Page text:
Analysis: China is leading the race lead.

| 1 Comment

"China vaulted past competitors in Denmark, Germany, Spain and the United States last year to become the world's largest maker of wind turbines, and is poised to expand even further this year." - The New York Times

This lead introduces the topic of the article fairly well. The story discusses how China is "vaulting past" other countries in green technology, but it also focuses on how the United States is falling behind.

However, the lead is a little misleading as it makes the reader believe Denmark, Germany and Spain would be discussed more in depth, but they aren't even mentioned.

Additionally, because China and the U.S. are the only ones mentioned, perhaps the lead is just aiming to be specific instead of just "China is vaulting past other countries..." It's good to be specific, but in this instance, I think it misleads the reader about the topic of the story.

When isolated, the lead works great. It flows well, entices the reader and gives good information according to the elements of news.

The words, "this year" give immediacy and "United States" proximity. Most importantly, it also gives impact. "World's largest maker of wind turbines" should bring about relevancy for Americans worried about the environmental issues and it also incites curiosity of how this title effects other countries.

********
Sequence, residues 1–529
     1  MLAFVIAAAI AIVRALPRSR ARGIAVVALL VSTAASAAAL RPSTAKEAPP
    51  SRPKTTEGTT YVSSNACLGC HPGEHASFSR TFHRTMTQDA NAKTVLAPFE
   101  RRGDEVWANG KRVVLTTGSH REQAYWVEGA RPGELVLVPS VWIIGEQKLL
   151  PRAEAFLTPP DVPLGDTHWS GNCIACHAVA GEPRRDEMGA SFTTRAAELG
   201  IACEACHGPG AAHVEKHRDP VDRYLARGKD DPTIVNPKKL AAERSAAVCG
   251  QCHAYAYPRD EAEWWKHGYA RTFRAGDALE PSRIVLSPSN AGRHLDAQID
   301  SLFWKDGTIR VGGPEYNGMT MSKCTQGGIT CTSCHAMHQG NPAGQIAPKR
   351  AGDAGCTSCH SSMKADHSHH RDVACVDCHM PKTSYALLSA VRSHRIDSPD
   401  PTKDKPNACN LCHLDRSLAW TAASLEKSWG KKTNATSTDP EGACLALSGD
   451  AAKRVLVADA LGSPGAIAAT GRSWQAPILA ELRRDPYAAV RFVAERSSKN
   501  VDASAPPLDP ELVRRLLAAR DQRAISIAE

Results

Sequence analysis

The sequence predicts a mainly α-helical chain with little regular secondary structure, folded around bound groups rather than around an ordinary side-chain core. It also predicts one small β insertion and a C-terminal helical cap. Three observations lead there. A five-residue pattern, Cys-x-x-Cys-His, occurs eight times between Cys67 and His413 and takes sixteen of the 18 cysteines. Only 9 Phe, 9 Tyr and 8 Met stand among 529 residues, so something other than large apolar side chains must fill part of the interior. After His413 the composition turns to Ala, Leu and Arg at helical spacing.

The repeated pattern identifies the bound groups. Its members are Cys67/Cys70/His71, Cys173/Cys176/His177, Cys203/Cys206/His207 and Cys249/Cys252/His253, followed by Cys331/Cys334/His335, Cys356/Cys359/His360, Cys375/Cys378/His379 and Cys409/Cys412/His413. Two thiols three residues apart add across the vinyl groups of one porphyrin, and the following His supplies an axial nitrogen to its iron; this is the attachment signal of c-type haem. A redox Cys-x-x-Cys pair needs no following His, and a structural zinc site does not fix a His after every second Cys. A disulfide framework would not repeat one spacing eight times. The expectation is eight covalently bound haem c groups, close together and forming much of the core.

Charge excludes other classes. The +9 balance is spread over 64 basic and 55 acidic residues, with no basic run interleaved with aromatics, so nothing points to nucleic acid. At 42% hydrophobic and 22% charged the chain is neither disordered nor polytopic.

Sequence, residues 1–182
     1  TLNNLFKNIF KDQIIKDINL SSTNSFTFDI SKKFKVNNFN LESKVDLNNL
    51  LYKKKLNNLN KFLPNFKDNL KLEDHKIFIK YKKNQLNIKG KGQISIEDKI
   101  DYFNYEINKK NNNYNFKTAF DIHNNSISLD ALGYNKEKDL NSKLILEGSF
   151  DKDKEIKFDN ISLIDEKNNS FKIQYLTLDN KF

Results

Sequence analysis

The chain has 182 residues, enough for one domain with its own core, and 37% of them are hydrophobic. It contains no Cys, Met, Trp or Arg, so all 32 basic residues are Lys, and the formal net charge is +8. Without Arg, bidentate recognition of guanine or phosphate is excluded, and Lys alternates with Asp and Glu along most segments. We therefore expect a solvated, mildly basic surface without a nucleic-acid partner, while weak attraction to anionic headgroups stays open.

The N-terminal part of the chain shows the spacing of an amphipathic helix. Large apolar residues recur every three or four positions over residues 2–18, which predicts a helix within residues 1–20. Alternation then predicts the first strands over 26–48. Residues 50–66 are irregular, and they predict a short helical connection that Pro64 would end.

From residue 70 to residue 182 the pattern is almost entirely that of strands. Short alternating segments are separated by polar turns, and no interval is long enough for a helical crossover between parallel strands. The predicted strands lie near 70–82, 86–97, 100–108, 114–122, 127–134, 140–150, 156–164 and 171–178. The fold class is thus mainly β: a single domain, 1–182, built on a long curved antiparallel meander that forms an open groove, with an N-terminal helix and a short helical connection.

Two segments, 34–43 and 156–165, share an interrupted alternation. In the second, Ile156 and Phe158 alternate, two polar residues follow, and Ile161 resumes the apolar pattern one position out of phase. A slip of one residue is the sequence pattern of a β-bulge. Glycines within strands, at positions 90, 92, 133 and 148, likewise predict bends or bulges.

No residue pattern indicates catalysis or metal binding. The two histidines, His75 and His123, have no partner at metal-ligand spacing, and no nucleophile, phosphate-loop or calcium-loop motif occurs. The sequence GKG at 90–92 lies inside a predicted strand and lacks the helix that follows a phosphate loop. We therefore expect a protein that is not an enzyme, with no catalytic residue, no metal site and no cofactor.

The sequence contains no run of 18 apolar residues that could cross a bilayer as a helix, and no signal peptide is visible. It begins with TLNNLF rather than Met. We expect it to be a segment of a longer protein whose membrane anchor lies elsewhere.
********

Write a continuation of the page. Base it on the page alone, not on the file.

1 Comment

I consider this to be a poor lead.

As a reader, I have little time to assimilate what happened last year. Besides, as an informed reader, I may consider it an insult to my intelligence if my newspaper is going to create content assuming I didn't read news in the previous year.

Consider my situation. I, the reader, have a few minutes in the morning to glance at the newspaper and I expect to be told in every lead what is the current position rather than what happened last year.

The lead is precise when it talks of China's leading position in wind turbines (I assume they mean equipment, not parts or turnkey projects) last year as compared to other countries including the US.

However---the new news peg---the current year's situation is vague. What can be better than No 1 position? As a reader I look for something additional. It could be comparative statistics as compared to competitors or ever as compared the country's own position, reflecting incremental growth!.

Such information paints a pen picture of the current year's situation and are the kind of pieces of information that readers look for.

I am sure you know many businesses base their business decisions based on the information supplied by newspapers. Now do tell me what kind of business-enabling information is there in this lead, which would help a businessman take informed decisions.

Frankly, an average reader may buy the NYT but if I were a businessman operating in the wind turbines sector, I doubt if I would buy the publication based on that terrible lead.
Janiye
http://umn.edu/home/gf023739

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This page contains a single entry by Jennifer Bissell published on January 31, 2010 1:44 AM.

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